Studies published in 2016 and 2018 led to the estimate of methane’s warming potential being revised upwards by 15%, meaning methane is now considered to be 32 times more efficient at trapping heat in the atmosphere than CO₂, on a per-molecule basis over a 100-year time span.

Considering this new evidence, we calculate that greenhouse gas concentrations at Cape Grim crossed the 500ppm CO₂-e threshold in July 2018.

This is higher than the official estimate based on the previous formulation for calculating CO₂-e, which remains in widespread use. For instance, the US National Oceanic and Atmospheric Administration is reporting 2018 CO₂-e as 496ppm.

The graph below shows the two curves for the time evolution of CO₂-e in the atmosphere as measured at Cape Grim, using the old and new formulae.

Cape Grim monthly CO2-e from 2015 until Sept 2018 calculated using the old and new formulae.
CSIRO

Some greenhouse gases, such as chlorofluorocarbons (CFCs), also deplete the ozone layer. CFCs are in decline thanks to the Montreal Protocol, which bans the production and use of these chemicals, despite reports that indicate some recent production of CFC-11 in China.

But unfortunately their ozone-safe replacements, hydrofluorocarbons (HFCs), are very potent greenhouse gases, and are on the rise. The recently enacted Kigali Amendment to the protocol means that consumption controls on HFCs are now in place, and this will see the growth rate of HFCs slow significantly and then reverse in the coming decades.

We can change

Australia is at the forefront of initiating measures to curb the impact of HFCs on climate change.

Methane is another low-hanging fruit for climate action, while we undertake the slower and more difficult transition away from CO₂-emitting energy sources.

The significant human methane emissions from leaks in reticulated gas systems, landfills, waste water treatment, and fugitive emissions from coal mining and oil and gas production can be monitored and reduced. We have the science and technology to do this now.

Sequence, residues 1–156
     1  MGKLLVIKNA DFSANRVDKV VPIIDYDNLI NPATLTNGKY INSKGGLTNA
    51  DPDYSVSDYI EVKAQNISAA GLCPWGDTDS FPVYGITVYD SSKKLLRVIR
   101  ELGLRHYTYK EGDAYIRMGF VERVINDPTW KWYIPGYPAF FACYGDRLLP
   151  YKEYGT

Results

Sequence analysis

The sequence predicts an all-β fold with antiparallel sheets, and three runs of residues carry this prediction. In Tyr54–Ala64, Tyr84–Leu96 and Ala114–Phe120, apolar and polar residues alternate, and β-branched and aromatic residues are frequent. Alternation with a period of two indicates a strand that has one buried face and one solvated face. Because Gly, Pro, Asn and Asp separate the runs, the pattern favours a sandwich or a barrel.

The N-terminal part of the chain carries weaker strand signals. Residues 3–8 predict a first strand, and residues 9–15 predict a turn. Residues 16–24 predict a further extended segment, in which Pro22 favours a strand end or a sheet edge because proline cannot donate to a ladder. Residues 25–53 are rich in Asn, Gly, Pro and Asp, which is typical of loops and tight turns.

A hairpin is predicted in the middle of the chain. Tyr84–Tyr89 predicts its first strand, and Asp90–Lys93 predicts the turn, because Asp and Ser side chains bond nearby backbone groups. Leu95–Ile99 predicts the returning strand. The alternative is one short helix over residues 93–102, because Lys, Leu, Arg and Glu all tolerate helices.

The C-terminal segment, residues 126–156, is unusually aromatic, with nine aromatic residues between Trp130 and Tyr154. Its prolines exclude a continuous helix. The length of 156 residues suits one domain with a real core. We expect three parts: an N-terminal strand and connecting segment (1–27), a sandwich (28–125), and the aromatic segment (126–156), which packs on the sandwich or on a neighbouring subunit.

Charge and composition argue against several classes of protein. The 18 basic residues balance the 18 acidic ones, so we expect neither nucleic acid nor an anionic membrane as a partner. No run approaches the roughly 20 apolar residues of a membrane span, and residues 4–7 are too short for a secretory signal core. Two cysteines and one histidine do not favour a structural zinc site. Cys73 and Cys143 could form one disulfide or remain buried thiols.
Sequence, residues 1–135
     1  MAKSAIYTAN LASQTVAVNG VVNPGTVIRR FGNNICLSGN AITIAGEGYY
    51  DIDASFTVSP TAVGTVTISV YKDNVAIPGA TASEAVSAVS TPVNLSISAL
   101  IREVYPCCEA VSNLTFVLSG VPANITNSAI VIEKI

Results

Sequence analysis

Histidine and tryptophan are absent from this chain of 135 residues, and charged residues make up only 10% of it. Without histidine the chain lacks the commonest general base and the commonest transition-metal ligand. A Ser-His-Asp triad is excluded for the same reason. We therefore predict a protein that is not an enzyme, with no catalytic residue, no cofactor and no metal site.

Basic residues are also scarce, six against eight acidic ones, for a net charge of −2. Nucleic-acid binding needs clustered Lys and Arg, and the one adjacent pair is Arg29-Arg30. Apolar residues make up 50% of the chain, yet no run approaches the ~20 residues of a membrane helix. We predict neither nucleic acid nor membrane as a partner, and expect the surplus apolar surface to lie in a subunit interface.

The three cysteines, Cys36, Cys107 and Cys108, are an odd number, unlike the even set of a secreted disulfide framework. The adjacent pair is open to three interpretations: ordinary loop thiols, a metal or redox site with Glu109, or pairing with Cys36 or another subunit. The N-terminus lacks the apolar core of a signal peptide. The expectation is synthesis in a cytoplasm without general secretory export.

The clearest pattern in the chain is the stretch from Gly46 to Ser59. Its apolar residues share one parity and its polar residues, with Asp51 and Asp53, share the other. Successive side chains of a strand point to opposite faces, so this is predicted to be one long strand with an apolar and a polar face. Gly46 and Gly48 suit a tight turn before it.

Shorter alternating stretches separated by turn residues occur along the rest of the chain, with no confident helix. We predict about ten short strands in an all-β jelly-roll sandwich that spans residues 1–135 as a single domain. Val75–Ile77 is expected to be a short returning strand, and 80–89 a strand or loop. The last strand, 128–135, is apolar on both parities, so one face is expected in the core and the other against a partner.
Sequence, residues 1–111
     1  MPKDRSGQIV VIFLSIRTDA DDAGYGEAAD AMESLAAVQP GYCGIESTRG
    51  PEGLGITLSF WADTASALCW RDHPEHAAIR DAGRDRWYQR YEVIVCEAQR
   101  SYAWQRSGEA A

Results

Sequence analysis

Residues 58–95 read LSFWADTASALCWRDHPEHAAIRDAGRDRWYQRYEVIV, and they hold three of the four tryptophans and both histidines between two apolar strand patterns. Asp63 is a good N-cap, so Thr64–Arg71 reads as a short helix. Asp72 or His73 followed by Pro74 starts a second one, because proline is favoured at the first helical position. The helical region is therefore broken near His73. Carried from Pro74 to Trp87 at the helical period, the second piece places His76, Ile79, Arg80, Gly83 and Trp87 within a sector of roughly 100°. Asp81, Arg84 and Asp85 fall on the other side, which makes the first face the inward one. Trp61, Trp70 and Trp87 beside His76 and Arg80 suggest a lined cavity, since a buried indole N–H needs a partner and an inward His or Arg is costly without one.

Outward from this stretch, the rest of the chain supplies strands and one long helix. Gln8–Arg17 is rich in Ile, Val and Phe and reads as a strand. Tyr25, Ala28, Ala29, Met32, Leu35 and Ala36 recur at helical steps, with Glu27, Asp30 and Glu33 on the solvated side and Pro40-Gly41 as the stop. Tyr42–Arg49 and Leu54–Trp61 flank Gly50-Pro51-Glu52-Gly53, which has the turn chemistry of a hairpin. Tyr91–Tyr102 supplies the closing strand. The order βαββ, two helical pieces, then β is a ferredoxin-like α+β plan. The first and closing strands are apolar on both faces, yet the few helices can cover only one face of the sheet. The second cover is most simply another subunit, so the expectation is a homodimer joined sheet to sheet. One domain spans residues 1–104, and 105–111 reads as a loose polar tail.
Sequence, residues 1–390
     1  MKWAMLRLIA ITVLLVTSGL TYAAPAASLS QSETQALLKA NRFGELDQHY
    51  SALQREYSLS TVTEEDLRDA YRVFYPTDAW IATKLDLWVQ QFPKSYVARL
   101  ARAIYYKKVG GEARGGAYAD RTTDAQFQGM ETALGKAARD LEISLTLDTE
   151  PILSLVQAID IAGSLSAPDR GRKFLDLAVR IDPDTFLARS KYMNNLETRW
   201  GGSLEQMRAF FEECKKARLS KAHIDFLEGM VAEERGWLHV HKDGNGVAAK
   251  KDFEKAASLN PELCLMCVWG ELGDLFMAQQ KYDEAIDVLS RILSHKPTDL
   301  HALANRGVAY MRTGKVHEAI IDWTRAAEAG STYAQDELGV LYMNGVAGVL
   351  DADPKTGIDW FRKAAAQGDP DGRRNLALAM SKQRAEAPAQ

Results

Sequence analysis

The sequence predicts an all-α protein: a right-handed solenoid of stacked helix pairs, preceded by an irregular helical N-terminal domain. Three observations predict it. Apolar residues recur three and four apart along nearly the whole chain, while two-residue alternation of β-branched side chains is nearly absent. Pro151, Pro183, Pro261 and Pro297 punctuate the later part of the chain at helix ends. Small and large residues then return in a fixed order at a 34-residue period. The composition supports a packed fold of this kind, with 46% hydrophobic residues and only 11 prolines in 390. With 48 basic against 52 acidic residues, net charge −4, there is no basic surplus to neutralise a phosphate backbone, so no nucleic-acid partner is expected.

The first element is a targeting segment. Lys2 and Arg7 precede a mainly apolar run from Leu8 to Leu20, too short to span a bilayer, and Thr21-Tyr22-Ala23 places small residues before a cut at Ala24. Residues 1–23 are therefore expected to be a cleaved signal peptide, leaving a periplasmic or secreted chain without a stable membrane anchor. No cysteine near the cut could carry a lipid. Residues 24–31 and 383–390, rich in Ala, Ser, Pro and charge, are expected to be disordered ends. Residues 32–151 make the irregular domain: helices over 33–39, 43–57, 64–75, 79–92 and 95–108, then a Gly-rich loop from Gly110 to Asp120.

Both in the oil and gas sectors and in urban areas, there are many examples of how methane “hot spots” can be identified and tackled.

It’s a classic win-win that saves money and reduces climate change, and something we should be implementing in Australia in the near future.The Conversation

Zoe Loh, Research Scientist, CSIRO; Blagoj Mitrevski, Research scientist, CSIRO; David Etheridge, Principal Research Scientist, CSIRO; Nada Derek, Research Projects Officer, Oceans and Atmosphere, Climate Science Centre, CSIRO; Paul Fraser, Honorary Fellow, CSIRO; Paul Krummel, Research Group Leader, CSIRO; Paul Steele, Honorary Fellow, CSIRO; Ray Langenfelds, Scientist at CSIRO Atmospheric Research, CSIRO, and Sam Cleland, Officer in Charge, Cape Grim Baseline Air Pollution Station, Australian Bureau of Meteorology

This article is republished from The Conversation under a Creative Commons license. Read the original article.

How we’re helping the western ground parrot survive climate change



A western ground parrot being released with a GPS tracker fitted.
Alan Danks

Shaun Molloy, Edith Cowan University and Robert Davis, Edith Cowan University

When a threatened species is found only in one small area, conservationists often move some individuals to another suitable habitat. This practice, called “translocation”, makes the whole species less vulnerable to threats.

In the past, this approach has worked really well for some species, but climate change is creating new problems. Will the climate change at that location in the future, and will it remain suitable for the species of interest? On the other hand, some regions might become appropriate for a threatened species.

This fundamental question is important in a rapidly changing climate, yet it has seldom featured when picking new areas for translocations.

Western ground parrots live and nest on the ground, making them very vulnerable to foxes and cats.